The opinion of the court was delivered by: OWEN
Plaintiffs move pursuant to Rule 6(e), Federal Rules of Criminal Procedure, for an order releasing to the Justice Department documentary evidence and the testimony of a number of witnesses presented to two grand juries that investigated Alger Hiss in 1947 and 1948, so that it may be processed under the Freedom of Information Act as amended (FOIA), 5 U.S.C. §§ 552 et seq. The government does not oppose the application. Indeed, the government's response may fairly be read as supporting the motion.
At the outset, it is absolutely clear that the FOIA, which by its terms does "not apply to matters that are . . . specifically exempted from disclosure by statute," 5 U.S.C. § 552(b)(3), does not affect the traditional rule of grand jury secrecy codified in Rule 6(e). See FAA Administrator v. Robertson, 422 U.S. 255, 264, 95 S. Ct. 2140, 2147, 45 L. Ed. 2d 164 (1975) (legislative history of the FOIA makes clear that prior existing statutory exemptions "would remain unaffected by the new Act"). Accordingly, plaintiffs' right, if any, to the relief they seek exists solely under Rule 6(e).
In In re Biaggi, 478 F.2d 489 (2d Cir. 1973), the Court stated at page 492 that Rule 6(e) provides for disclosure of grand jury proceedings under three and only three circumstances: (1) to government attorneys "for use in the performance of their duties," and on order of the Court, (2) to a defendant who seeks dismissal of an indictment because of "matters occurring before the grand jury," and (3) in connection with or preliminarily to "a judicial proceeding."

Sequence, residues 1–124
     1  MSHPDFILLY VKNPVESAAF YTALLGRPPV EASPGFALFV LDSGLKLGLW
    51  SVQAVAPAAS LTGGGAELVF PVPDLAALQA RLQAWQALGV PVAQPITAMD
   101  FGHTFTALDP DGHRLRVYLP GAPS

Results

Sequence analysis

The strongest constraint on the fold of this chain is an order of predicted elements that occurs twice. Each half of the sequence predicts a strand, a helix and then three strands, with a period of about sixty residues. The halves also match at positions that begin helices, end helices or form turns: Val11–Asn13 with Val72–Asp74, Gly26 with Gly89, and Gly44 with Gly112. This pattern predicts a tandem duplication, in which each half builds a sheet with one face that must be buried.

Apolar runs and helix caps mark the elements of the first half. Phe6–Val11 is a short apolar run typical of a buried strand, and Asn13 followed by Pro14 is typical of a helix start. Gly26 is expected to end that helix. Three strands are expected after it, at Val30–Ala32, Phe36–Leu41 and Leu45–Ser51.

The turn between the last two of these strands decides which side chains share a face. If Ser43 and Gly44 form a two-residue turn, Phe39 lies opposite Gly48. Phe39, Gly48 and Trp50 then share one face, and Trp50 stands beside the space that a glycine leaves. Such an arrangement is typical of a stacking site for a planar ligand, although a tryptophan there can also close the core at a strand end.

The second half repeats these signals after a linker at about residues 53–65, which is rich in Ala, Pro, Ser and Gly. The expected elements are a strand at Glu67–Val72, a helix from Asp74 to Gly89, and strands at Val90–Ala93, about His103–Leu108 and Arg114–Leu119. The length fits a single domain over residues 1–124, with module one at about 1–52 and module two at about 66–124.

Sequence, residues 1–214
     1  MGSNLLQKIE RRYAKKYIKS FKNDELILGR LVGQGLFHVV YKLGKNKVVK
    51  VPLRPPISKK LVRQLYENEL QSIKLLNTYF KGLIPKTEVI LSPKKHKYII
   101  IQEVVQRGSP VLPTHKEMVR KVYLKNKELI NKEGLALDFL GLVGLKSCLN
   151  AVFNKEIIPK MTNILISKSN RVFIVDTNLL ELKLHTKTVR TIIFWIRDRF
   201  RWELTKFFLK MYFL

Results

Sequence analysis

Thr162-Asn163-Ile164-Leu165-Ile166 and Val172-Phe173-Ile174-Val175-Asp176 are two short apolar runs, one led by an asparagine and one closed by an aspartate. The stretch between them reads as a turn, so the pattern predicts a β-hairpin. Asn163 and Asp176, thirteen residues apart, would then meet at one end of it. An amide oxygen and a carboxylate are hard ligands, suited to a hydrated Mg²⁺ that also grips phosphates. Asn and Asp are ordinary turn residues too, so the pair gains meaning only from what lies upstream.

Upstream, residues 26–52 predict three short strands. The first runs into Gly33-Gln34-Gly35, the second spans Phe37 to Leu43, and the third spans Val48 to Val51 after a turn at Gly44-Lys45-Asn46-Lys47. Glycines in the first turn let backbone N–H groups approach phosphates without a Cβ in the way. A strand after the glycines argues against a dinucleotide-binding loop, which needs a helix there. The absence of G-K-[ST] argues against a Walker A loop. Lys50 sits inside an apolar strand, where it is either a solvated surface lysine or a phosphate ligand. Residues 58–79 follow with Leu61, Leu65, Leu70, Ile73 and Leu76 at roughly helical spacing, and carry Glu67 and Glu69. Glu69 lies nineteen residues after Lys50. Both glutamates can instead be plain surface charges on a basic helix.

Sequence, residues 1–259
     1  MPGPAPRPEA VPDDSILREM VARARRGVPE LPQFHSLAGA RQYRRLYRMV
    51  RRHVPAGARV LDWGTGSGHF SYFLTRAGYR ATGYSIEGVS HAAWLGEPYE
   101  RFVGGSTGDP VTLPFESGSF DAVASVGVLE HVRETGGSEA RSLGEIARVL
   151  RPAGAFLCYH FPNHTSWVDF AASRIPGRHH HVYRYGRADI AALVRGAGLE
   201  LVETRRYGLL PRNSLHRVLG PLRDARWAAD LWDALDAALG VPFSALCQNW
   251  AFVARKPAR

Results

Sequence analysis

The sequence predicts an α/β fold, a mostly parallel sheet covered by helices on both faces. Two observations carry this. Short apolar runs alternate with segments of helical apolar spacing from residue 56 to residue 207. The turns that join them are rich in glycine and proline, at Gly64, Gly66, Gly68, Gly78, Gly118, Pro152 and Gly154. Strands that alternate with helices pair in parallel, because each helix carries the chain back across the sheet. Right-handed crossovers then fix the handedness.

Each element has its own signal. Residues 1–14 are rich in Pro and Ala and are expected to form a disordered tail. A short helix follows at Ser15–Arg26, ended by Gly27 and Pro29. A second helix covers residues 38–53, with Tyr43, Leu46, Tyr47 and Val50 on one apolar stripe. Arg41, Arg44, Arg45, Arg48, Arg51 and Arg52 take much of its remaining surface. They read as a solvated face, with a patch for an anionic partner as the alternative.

The first two exceptions are inapplicable. As to the third exception, the only judicial proceeding I have been made aware of is the instant FOIA action. Clearly, permission to disclose for use in connection with a "judicial proceeding" does not include the very proceeding instituted for the purpose of obtaining disclosure.
Plaintiffs contend that the Court must determine whether in a particular case it is appropriate to continue to impose the requirement of absolute secrecy, and that "[in] the present case, the balance of policy considerations tips decidedly in favor of permitting FOIA processing of documents reflecting grand jury proceedings." Presumably the tipping plaintiffs refer to is based on plaintiffs' assertion of the "undisputable historic interest and importance" of the Hiss case. I find no support for plaintiffs' position, and plaintiffs have not supplied me with any authority that indicates that the traditional rule of grand jury secrecy should yield to any claimed interest of the public (or, one may conjecture, any specific individual) in a thirty-year-old case, whatever its historical significance may be. In any event, and notwithstanding the government's lack of opposition in this case, in my opinion, a contrary ruling would be a mischievous precedent for this Court to establish.
Accordingly, the motion is denied.
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